Phoenix goalie Mike Smith dominated last season, but was accused of diving in the Coyotes' playoff matchup against the Blackhawks. (Photo by Bill Smith/NHLI via Getty Images)
Diplomacy being what it is, there weren't exactly a payload of bombshells being dropped once the standards of rule enforcement meeting broke up at the NHL's Toronto office Wednesday. Players, coaches, GMs, league execs and on-ice officials had discussed the state of the game in terms of penalties and the message was clear: All anyone wanted was consistency, but they had to establish what constitutes a standard call.
“It was a lot of good discussion and getting on the same page about where we might want to go as a league,” said Vancouver Canucks defenseman Kevin Bieksa. “More fine-tuning. Definitions, video clips regarding interference on the forecheck, slashing – but as far as major changes, there was nothing along those lines.”
But parsing the words of those involved, one thing was abundantly clear: Players have, can and will continue to take any underhanded advantage they can on the ice in order to win – and that's not an indictment, if you ask me.
“Players are smart,” said Phoenix Coyotes coach Dave Tippett. “They can adapt to any situation.”
One in particular that Tippett acknowledged was “embellishment,” or in less PC terms, diving – the scourge of the 2011 Stanley Cup final between Boston and Vancouver.
Most intriguing was the fact players divulged their secrets for getting away with hooks and holds in a room where refs were present. When asked for specific tricks the pros had revealed, whistle man Wes McCauley had to laugh.
“I'm not going to throw those guys under the bus,” he said.
Offense was a hot topic on the day, specifically what was perceived as a lack thereof since the uptick established after the last lockout in 2004-05. While Tampa Bay Lightning GM Steve Yzerman noted that he'd like to see players open up more shooting and passing lanes in the offensive zone, he wouldn't agree to any sort of regulation on shot-blocking, which some have suggested would help goal-scoring.
“The game is played now in a much more defensive mode,” Yzerman said. “You see five guys collapsing towards the net, overloading in the corners - systems have changed. Teams have learned to play different ways.”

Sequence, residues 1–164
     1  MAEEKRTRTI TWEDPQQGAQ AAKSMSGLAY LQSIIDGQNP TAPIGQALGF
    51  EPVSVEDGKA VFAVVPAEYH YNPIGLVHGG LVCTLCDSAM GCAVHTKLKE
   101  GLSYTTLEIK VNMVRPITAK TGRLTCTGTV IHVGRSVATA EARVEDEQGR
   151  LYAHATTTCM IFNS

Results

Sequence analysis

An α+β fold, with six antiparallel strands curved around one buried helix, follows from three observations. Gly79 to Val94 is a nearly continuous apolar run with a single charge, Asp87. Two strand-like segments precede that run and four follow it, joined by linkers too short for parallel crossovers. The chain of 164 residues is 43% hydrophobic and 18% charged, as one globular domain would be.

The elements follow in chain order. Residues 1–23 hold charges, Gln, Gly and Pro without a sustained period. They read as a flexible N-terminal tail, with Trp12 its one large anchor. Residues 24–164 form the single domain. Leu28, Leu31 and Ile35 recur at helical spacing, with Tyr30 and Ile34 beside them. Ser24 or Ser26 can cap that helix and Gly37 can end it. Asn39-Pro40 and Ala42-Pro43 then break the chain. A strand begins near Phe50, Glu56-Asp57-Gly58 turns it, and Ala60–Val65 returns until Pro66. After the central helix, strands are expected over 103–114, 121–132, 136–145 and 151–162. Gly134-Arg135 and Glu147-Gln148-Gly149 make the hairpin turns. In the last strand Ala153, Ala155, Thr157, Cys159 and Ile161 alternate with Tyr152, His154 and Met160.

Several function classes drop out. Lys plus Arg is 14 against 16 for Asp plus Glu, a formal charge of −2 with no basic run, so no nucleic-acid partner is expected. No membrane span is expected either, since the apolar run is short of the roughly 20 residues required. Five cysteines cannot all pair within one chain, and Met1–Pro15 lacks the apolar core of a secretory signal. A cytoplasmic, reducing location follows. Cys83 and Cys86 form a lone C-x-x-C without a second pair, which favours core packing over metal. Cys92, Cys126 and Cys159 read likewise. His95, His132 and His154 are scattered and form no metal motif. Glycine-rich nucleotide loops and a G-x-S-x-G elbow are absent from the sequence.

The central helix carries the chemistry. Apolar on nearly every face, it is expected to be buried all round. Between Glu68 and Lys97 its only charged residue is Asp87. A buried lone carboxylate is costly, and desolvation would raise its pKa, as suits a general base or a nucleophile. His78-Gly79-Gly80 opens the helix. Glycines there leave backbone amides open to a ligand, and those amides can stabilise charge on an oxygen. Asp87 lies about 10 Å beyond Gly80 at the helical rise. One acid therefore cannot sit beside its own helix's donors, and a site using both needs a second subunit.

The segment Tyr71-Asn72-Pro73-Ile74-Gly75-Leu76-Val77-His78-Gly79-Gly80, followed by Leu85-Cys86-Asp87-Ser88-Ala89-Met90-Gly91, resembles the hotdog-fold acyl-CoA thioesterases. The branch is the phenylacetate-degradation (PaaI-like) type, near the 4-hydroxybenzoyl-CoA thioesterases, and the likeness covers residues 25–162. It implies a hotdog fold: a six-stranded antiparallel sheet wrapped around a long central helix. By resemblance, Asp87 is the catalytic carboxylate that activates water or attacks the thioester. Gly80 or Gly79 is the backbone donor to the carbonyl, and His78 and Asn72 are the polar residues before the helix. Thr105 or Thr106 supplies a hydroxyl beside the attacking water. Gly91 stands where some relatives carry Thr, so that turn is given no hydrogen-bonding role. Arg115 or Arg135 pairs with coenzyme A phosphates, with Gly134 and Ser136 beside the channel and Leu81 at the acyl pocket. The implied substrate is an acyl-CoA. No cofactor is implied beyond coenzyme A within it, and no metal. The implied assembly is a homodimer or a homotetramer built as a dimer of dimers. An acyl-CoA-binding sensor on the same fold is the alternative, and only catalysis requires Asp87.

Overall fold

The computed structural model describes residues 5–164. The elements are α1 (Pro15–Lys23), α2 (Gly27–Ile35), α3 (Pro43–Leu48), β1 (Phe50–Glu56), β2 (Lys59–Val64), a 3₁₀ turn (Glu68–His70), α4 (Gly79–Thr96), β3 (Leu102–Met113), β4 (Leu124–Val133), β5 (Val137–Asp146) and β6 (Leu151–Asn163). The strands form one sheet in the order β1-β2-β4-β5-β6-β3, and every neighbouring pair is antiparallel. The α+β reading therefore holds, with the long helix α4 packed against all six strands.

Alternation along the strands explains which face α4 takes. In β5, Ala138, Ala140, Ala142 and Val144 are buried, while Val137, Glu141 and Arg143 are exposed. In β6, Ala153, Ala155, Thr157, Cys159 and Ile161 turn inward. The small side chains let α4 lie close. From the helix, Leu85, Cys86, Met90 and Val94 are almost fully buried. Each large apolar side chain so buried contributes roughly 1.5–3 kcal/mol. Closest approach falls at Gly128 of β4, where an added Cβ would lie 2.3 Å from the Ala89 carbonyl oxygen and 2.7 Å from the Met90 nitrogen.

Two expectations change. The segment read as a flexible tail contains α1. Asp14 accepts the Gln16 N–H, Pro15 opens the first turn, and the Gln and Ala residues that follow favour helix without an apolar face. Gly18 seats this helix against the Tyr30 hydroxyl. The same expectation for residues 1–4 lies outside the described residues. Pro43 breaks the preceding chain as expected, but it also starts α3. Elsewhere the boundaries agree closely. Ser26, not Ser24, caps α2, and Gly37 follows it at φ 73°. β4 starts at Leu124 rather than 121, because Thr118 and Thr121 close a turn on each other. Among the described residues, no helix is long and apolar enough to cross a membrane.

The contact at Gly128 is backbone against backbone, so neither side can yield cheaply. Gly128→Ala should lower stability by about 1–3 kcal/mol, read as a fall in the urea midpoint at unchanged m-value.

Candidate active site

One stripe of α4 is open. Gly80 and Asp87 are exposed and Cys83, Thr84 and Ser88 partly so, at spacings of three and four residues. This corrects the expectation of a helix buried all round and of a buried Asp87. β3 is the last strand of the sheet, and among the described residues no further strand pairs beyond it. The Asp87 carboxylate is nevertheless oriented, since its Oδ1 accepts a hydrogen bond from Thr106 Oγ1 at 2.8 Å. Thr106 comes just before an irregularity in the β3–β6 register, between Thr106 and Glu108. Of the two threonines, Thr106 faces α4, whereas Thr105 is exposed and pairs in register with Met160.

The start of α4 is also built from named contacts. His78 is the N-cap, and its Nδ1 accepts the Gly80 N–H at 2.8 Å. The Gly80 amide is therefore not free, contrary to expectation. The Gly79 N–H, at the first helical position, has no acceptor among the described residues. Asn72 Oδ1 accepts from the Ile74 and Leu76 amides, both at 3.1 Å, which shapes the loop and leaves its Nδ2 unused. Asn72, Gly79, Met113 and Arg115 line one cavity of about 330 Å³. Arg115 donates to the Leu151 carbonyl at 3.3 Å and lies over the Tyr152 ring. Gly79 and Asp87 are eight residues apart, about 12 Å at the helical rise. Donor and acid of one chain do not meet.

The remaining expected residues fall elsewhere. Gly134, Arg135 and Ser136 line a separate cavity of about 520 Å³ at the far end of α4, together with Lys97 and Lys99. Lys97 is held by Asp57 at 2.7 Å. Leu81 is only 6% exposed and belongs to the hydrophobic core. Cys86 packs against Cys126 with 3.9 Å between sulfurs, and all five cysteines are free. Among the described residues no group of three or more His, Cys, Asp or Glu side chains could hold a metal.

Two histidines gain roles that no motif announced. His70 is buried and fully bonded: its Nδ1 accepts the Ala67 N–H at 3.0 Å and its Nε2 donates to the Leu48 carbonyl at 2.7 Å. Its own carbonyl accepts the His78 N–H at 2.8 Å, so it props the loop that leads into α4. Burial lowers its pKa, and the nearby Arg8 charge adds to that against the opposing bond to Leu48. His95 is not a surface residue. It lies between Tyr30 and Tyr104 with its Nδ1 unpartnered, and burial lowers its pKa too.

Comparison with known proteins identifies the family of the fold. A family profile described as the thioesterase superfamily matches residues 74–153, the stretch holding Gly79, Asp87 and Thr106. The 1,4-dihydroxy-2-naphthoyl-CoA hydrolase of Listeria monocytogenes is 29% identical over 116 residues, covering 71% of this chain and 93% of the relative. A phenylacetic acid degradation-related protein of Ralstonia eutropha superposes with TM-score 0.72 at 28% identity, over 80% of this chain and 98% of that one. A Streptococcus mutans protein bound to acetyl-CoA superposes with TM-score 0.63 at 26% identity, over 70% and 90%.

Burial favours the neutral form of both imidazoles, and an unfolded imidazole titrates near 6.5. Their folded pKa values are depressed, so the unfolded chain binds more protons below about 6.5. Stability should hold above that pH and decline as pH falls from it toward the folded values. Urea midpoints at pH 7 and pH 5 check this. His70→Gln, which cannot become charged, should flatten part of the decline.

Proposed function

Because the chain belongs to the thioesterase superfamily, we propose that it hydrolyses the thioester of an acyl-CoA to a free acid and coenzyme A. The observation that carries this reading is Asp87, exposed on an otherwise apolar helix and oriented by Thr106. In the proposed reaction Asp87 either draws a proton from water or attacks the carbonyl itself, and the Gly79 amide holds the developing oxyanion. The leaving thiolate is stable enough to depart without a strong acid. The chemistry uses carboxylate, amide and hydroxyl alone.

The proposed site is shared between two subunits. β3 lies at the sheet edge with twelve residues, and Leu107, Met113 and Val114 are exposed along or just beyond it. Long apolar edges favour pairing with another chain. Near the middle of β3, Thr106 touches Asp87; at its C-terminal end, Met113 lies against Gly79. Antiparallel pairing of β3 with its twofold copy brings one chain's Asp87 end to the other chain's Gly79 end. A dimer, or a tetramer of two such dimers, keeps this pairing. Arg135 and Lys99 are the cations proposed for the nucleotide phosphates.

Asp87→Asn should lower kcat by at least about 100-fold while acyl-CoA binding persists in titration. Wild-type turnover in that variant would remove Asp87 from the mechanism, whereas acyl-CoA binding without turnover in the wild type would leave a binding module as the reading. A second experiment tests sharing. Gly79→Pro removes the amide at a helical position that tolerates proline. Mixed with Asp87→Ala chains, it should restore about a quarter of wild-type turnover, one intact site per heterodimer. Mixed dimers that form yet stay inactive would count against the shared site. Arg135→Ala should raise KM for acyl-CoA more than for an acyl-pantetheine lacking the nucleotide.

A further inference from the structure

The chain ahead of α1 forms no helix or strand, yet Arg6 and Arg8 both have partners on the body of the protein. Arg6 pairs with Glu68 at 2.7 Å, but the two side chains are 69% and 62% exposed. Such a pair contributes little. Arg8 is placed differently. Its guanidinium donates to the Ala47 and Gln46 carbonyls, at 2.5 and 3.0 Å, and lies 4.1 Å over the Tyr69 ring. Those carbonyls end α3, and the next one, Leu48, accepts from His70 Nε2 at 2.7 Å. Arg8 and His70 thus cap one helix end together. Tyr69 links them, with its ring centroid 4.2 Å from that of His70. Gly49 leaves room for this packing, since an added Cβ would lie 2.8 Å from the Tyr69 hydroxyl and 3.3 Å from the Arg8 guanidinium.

One suggestion Yzerman had was a continued look at the size of goalie equipment. NHL senior executive vp of hockey operations Colin Campbell also weighed in on that issue, alluding to the group that perhaps finds loopholes in the rules better than anyone else – the “so-called goalie union.”
“We've been beating that up for a long time,” Campbell said. “You always want to decrease it, but it's the same thing with elbow pads and shoulder pads – eventually it becomes a safety issue. They (the netminders) always seem to find a way to get bigger. We would do it if it was easy, but it's been 12 years.”
Finally, there's the role coaches play in tweaking the system, which again comes back to defense. Like the puck-over-the-glass penalty from the last CBA talks, Campbell sees a mandate to get more pucks in the backs of nets.
“We want to reward offense and punish defense,” he said. “Because that's what coaches can teach.”
The artistry of an Ilya Kovalchuk or a Pavel Datsyuk is a little more tricky to write on a whiteboard - but that's why the fans love when those highlight reel moments happen.
In other CBA news, an early afternoon meeting was called off in favor of a smaller group of heavy hitters getting together in the morning. Gary Bettman, Bill Daly, Donald Fehr and brother Steve Fehr met and talked about procedural issues for the forthcoming negotiations (they'll meet again in Toronto Thursday, then in New York City next week), as well as some player matters, which were undisclosed.
Donald Fehr characterized the chat as “business-like” and seemed to be in good spirits.
“You get up in the morning hoping to make progress,” he said. “And if you don't, you get up the next morning and try again.”
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